Once an essential part of men’s attire, this woollen item is now a popular souvenir

ONCE used to warm men’s private parts during harsh winters in rural Croatia, the woollen codpiece or ‘nakurnjak’ is making a comeback as a popular souvenir, thanks to a handful of women preserving traditional handicrafts from oblivion.

“The nakurnjak sparks laughter, a lot of positive energy, jokes. Many (tourists) take one as a nice Christmas gift,” explains Sonja Leka, a 55-year-old who runs an association of knitters preserving the old-fashioned arts in their tiny village in the central Lika region.

In 15th and 16th century Europe, crotch coverings known as codpieces became fashionable items, seen in portraits of kings like Henry VIII of England.

The French philosopher Michel de Montaigne went so far as to lambast the accessory as an “empty and useless model of a member that we cannot even decently mention by name, which however we show off and parade in public”.

But ordinary men in the Balkans wore the coverings for more practical reasons – as underwear to stay warm and to soften the impact of horseback riding.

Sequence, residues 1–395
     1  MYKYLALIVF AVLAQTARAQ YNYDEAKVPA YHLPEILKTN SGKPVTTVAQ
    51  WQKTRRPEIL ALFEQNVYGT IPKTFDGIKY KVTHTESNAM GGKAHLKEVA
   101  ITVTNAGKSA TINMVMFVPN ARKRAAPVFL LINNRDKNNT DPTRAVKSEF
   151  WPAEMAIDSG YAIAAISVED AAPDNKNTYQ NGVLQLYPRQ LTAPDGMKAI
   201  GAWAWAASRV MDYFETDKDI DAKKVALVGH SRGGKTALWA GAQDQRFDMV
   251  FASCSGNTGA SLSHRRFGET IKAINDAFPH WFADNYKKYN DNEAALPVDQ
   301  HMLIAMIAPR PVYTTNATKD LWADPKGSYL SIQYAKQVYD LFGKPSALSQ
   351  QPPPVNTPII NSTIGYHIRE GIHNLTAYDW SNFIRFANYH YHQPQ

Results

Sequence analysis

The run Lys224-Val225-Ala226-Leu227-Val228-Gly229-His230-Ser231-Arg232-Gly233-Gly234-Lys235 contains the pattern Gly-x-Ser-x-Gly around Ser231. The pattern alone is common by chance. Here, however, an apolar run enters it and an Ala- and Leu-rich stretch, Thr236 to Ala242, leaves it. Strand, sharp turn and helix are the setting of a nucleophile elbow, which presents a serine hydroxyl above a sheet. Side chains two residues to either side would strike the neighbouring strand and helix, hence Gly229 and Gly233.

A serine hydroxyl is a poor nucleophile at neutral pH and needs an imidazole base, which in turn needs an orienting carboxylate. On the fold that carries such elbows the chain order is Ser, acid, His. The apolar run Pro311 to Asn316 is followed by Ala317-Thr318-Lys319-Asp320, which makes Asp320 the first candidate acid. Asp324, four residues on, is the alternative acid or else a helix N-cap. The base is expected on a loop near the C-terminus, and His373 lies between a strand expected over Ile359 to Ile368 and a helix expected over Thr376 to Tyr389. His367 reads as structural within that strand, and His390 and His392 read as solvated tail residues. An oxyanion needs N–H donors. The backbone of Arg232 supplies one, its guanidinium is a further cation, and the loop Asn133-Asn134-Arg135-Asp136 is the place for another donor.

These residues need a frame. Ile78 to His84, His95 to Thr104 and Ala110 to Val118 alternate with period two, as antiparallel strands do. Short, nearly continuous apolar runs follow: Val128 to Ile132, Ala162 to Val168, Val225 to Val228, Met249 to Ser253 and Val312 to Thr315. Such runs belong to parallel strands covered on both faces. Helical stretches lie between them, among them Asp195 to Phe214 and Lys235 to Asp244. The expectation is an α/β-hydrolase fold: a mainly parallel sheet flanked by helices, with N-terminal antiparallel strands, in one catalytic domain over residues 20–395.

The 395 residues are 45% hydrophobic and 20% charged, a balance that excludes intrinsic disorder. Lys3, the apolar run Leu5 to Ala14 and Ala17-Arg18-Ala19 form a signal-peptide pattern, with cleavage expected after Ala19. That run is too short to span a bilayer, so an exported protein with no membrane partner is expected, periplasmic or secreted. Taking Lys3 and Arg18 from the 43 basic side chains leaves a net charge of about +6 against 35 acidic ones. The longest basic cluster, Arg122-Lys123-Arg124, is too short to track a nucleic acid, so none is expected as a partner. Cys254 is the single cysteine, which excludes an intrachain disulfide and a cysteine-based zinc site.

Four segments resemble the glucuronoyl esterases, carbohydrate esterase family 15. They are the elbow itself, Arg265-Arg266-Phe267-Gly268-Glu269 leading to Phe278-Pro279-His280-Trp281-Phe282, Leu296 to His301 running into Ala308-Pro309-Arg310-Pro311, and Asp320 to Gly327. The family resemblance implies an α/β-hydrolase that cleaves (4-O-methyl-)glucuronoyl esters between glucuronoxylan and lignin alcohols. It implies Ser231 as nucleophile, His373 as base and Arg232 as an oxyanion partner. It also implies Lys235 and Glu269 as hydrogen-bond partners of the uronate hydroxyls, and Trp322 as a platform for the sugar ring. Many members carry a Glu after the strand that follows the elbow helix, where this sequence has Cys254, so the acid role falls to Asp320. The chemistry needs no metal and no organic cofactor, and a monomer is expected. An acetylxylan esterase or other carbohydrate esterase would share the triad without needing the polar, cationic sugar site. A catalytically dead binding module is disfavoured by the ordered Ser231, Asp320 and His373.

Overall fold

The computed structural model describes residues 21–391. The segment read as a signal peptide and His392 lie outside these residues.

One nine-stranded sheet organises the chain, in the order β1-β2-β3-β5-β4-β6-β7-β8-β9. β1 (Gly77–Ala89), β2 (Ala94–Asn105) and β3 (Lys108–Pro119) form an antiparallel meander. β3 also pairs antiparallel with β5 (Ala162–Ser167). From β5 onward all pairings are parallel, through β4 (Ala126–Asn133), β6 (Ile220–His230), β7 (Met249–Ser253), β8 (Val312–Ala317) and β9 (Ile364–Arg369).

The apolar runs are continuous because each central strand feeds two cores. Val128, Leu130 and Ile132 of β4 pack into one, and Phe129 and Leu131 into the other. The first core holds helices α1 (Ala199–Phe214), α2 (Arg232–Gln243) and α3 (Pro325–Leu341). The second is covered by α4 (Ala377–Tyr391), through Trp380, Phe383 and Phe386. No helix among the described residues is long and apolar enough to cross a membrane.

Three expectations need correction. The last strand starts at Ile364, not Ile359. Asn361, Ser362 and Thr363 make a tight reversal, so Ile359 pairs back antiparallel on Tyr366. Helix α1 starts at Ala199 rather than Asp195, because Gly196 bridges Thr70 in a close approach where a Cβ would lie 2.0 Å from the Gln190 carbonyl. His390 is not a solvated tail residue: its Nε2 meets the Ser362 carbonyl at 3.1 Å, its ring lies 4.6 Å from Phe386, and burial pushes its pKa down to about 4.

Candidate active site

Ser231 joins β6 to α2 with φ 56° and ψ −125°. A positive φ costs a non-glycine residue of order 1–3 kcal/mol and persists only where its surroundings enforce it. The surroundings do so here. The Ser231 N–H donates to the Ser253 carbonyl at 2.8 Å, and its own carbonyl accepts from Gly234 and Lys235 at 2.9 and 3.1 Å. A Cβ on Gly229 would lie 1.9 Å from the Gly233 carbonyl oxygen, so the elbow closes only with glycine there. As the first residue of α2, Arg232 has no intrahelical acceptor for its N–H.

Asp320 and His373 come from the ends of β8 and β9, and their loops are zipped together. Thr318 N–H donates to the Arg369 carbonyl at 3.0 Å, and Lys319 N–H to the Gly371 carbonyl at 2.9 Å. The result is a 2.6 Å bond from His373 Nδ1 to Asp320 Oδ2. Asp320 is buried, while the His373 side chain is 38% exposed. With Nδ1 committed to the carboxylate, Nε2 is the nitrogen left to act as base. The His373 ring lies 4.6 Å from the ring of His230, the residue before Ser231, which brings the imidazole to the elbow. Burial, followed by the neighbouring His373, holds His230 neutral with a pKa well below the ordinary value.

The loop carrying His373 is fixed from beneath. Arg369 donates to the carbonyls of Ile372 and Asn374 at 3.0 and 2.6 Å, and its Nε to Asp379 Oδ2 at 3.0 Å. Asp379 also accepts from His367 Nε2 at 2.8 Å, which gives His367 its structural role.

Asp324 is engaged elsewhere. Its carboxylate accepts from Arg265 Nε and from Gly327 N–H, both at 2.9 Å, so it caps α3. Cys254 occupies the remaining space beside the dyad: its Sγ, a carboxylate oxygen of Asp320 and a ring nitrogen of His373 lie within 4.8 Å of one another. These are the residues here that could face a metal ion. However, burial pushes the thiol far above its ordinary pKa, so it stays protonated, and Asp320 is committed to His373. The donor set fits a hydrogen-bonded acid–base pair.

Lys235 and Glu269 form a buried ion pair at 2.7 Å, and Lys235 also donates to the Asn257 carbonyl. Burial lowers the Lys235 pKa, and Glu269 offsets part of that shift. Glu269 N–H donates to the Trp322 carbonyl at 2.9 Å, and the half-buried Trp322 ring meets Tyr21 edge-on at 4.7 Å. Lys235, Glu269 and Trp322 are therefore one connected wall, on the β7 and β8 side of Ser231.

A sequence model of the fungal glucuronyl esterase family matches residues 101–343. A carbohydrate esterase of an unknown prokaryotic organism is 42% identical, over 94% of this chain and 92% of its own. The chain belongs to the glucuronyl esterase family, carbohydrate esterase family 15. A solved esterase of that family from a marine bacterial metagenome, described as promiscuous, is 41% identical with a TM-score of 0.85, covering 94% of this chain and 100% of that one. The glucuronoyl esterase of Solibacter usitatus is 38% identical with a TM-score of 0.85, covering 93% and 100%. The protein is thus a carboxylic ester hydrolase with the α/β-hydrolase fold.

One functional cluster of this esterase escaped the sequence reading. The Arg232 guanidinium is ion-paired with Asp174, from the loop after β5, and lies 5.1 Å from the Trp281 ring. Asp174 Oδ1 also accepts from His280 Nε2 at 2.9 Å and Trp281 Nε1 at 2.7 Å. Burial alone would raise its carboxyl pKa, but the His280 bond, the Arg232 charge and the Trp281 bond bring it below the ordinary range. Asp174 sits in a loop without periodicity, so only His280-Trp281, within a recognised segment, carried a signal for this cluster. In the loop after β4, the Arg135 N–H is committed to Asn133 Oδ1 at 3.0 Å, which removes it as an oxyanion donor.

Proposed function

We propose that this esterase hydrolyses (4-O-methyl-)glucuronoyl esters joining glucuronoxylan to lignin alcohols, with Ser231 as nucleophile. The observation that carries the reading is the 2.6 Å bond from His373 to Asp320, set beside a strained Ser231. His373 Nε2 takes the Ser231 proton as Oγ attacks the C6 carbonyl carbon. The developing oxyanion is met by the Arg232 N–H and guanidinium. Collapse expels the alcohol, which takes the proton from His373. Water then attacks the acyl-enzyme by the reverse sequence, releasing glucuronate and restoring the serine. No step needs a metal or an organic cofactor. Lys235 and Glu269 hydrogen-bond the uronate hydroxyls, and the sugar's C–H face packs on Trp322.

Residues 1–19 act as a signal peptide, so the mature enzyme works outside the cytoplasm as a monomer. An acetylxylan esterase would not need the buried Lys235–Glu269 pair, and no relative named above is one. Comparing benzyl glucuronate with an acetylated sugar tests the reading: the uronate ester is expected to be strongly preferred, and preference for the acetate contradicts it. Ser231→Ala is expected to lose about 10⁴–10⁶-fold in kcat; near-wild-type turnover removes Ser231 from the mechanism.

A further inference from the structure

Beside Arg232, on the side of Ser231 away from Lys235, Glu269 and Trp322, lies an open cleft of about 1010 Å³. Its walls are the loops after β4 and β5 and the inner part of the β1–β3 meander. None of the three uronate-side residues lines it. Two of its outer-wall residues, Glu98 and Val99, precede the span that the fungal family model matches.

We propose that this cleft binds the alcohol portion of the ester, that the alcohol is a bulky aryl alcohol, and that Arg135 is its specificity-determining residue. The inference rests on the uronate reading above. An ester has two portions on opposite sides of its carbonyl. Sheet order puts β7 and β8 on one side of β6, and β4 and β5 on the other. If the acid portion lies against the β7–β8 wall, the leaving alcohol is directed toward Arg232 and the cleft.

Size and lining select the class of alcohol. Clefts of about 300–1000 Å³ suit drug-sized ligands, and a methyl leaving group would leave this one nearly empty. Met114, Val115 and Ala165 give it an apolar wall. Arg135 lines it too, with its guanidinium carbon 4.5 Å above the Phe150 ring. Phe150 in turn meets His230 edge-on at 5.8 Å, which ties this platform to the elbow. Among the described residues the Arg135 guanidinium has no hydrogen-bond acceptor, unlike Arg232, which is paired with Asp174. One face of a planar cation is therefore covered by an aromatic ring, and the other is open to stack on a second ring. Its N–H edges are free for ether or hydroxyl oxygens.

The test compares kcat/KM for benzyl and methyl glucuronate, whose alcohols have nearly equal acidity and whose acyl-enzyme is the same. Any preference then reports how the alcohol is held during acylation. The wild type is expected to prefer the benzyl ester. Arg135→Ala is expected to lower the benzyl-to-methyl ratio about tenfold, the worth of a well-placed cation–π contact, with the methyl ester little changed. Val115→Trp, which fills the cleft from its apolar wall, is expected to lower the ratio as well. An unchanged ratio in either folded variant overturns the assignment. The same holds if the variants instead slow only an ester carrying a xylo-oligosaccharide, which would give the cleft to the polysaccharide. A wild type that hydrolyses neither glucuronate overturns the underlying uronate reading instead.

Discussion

In Lika, a mountainous region in central Croatia known for cold winters, the nakurnjak was a must-have item knitted by women from sheep’s wool.

“Men’s folk costumes had large pants, without any protection below, they had to ride horses and walk through forests to collect firewood, that’s where the need to make nakurnjak comes from,” said Leka.

“Our ancestors were practical, there was no shame in naming useful items,” she said.

Part of dowry

Leka runs the Tara association where women have been gathering to knit, crochet or weave traditional socks, handbags, towels and nakurnjaks.

The elderly knitters say the nakurnjak was once an important item in a woman’s dowry, which included the “bride’s chest” of handicrafts that women prepared for their future husbands.

“We come here to socialise and work at the same time so that these old crafts are not forgotten,” said Anka Prica, 73, who is part of the association. She and 83-year-old Bozica Leka regret youngsters are not interested in learning the craft.

“It’s a pity not to pass this on to young people so that the tradition continues. The tradition will die with us,” Leka said. – AFP-Relaxnews